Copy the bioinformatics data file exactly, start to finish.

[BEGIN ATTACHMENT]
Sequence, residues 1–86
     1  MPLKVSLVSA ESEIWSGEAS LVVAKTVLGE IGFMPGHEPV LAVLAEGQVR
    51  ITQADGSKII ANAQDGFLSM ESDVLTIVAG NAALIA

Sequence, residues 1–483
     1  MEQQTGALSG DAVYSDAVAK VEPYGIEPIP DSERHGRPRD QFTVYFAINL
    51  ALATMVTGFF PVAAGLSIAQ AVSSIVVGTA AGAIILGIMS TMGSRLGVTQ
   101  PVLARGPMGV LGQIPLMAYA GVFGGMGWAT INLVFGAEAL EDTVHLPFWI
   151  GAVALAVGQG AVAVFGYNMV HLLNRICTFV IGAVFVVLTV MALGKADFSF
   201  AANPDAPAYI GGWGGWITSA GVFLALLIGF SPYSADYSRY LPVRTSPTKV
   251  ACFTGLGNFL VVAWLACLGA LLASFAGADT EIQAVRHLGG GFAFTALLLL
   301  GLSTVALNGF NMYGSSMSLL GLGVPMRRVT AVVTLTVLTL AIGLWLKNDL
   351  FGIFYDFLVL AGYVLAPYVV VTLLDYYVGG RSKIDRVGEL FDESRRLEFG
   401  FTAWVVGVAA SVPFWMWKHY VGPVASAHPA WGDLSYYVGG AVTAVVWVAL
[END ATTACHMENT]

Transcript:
Sequence, residues 1–86
     1  MPLKVSLVSA ESEIWSGEAS LVVAKTVLGE IGFMPGHEPV LAVLAEGQVR
    51  ITQADGSKII ANAQDGFLSM ESDVLTIVAG NAALIA

Sequence, residues 1–483
     1  MEQQTGALSG DAVYSDAVAK VEPYGIEPIP DSERHGRPRD QFTVYFAINL
    51  ALATMVTGFF PVAAGLSIAQ AVSSIVVGTA AGAIILGIMS TMGSRLGVTQ
   101  PVLARGPMGV LGQIPLMAYA GVFGGMGWAT INLVFGAEAL EDTVHLPFWI
   151  GAVALAVGQG AVAVFGYNMV HLLNRICTFV IGAVFVVLTV MALGKADFSF
   201  AANPDAPAYI GGWGGWITSA GVFLALLIGF SPYSADYSRY LPVRTSPTKV
   251  ACFTGLGNFL VVAWLACLGA LLASFAGADT EIQAVRHLGG GFAFTALLLL
   301  GLSTVALNGF NMYGSSMSLL GLGVPMRRVT AVVTLTVLTL AIGLWLKNDL
   351  FGIFYDFLVL AGYVLAPYVV VTLLDYYVGG RSKIDRVGEL FDESRRLEFG
   401  FTAWVVGVAA SVPFWMWKHY VGPVASAHPA WGDLSYYVGG AVTAVVWVAL